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Thread started 09/30/17 9:46am

laytonian

Scary thought about $75,000 boots

...and there are 3,000+ additional pieces of clothing in the estate, this could adversely affect tax issues with the estate and force some sell-offs.
Get out your calculator and figure 3,000x75,000. Then look at paying half that to federal and state estate taxes.
.
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Reply #1 posted 09/30/17 9:58am

luvsexy4all

if estate limited profiteering to MUSIC...they would be better off

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Reply #2 posted 09/30/17 2:53pm

BartVanHemelen

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laytonian said:

...and there are 3,000+ additional pieces of clothing in the estate, this could adversely affect tax issues with the estate and force some sell-offs. Get out your calculator and figure 3,000x75,000. Then look at paying half that to federal and state estate taxes. .

.

Have you never had an economics class? It is the lack of availability which is causing the huge price. Also, there's a massive difference between a pair of boots from Prince's prime era, ones which are particularly linked to a legendary tour, and some random outfit he wore in 2011.

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Reply #3 posted 09/30/17 3:34pm

laytonian

BartVanHemelen said:



laytonian said:


...and there are 3,000+ additional pieces of clothing in the estate, this could adversely affect tax issues with the estate and force some sell-offs. Get out your calculator and figure 3,000x75,000. Then look at paying half that to federal and state estate taxes. .

.


Have you never had an economics class? It is the lack of availability which is causing the huge price. Also, there's a massive difference between a pair of boots from Prince's prime era, ones which are particularly linked to a legendary tour, and some random outfit he wore in 2011.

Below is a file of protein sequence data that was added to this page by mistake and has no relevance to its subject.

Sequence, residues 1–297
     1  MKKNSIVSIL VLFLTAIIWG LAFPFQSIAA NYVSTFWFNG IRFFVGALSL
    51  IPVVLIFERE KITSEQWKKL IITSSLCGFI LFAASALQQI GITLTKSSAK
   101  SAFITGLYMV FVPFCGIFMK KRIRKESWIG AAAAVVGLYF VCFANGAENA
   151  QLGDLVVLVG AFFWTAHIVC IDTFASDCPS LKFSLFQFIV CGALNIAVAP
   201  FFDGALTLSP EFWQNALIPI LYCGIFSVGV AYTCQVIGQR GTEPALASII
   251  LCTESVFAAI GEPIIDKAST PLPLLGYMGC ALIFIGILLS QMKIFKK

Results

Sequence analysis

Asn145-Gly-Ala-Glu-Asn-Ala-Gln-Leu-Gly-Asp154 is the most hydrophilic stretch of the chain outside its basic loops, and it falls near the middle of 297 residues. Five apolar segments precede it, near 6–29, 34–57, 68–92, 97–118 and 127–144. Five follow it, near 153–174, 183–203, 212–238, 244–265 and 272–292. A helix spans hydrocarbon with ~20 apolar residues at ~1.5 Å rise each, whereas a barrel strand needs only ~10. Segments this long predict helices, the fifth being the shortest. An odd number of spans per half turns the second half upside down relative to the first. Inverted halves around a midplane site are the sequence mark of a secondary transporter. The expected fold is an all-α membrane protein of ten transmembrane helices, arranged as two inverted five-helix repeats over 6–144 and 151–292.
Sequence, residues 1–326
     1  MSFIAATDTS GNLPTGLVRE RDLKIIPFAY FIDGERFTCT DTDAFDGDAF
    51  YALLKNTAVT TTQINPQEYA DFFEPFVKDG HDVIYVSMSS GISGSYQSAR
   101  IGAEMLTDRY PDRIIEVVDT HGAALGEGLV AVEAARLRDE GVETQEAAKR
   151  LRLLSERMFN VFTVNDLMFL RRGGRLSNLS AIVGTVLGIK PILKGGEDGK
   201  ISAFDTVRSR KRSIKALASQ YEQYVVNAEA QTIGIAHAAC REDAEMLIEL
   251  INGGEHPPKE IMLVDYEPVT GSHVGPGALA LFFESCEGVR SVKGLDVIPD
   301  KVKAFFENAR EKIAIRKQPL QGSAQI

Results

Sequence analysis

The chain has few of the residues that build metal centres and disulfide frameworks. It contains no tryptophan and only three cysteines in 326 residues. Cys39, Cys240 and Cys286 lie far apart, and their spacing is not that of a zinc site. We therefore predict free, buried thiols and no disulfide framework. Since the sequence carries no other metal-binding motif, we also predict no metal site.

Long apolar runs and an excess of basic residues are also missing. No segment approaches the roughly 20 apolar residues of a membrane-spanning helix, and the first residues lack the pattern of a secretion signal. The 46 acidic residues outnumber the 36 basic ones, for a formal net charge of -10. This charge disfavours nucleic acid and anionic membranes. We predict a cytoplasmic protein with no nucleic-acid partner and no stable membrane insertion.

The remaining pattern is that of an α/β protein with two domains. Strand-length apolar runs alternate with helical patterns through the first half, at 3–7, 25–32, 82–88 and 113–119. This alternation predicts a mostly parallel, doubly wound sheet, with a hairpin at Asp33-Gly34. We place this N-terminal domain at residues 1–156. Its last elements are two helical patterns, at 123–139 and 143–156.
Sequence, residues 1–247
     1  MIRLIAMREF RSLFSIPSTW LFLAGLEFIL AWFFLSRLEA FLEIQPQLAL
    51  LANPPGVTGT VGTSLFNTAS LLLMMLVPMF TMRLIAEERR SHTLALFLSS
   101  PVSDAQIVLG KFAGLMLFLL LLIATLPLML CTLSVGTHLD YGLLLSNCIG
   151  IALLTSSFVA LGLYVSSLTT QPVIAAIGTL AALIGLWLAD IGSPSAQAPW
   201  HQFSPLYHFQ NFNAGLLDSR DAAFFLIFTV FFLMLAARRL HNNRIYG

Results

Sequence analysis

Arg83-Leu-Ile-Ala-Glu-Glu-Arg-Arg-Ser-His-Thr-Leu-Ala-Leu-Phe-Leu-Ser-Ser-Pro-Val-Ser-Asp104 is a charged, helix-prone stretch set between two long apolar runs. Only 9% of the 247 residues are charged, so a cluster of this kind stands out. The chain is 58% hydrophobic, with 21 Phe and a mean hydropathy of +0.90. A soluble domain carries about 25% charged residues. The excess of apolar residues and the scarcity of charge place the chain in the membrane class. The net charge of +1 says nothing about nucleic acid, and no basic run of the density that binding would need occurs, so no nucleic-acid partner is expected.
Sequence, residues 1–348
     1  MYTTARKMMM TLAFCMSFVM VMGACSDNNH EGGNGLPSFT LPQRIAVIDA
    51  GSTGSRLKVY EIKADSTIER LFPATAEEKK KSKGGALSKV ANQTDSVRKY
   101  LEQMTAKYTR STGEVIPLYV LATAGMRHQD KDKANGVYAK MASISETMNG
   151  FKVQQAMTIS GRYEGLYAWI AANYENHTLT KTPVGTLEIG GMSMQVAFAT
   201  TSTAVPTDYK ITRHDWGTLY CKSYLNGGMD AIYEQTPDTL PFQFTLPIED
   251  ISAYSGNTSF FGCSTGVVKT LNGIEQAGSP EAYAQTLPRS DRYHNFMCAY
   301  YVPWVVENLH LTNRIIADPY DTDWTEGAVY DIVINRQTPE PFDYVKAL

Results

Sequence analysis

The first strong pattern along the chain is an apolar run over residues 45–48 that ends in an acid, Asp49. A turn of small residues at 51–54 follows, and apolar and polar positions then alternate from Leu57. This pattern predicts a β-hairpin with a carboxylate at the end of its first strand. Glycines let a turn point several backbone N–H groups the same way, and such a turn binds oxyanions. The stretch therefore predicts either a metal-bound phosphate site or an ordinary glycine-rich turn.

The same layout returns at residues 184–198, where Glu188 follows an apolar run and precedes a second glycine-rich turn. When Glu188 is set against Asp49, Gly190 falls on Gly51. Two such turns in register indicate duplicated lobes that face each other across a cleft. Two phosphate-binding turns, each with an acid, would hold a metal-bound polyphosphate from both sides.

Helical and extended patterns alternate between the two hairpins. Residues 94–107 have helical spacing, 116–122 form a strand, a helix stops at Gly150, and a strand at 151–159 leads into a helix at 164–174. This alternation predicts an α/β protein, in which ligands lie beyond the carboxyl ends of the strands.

.
As a matter of fact, I have, grasshopper.
.
I'm not talking economics.
I'm talking about the manner of extrapolated appraisal that the IRS could use.
We are not talking about 3,000 pairs of identical yellow boots but handcrafted, one of a kind items.
.
.
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Reply #4 posted 09/30/17 3:35pm

laytonian

luvsexy4all said:

if estate limited profiteering to MUSIC...they would be better off


.
That has nothing to do with appraisal of the estate for tax purposes.
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Reply #5 posted 09/30/17 6:13pm

laurarichardso
n

laytonian said:

...and there are 3,000+ additional pieces of clothing in the estate, this could adversely affect tax issues with the estate and force some sell-offs. Get out your calculator and figure 3,000x75,000. Then look at paying half that to federal and state estate taxes. .

Well I guess if the estate decides to start selling off stuff it could be a problem.

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Reply #6 posted 09/30/17 7:55pm

laytonian

laurarichardson said:



laytonian said:


...and there are 3,000+ additional pieces of clothing in the estate, this could adversely affect tax issues with the estate and force some sell-offs. Get out your calculator and figure 3,000x75,000. Then look at paying half that to federal and state estate taxes. .

Well I guess if the estate decides to start selling off stuff it could be a problem.


.
It doesn't have to be sold off to create a problem. Clothing and personal effects are taxable assets as well as real estate our the vault music. It all counts in the value of the estate and then taxes paid on the total value.
.
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Reply #7 posted 10/01/17 5:47am

udo

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Does an inflated sales price matter in the USA?

Not simply market pricing?

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Reply #8 posted 10/01/17 6:57am

BartVanHemelen

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laytonian said:

We are not talking about 3,000 pairs of identical yellow boots but handcrafted, one of a kind items. . .

.

They didn't get $75,000 because they were "handcrafted, one of a kind" items, they reached that price because they had been worn extensively by Prince, because there are photos of him wearing that pair or a pair similar to it, because he'd worn them on a legendary tour...

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Reply #9 posted 10/01/17 5:21pm

poppys

Lay has a point for sure.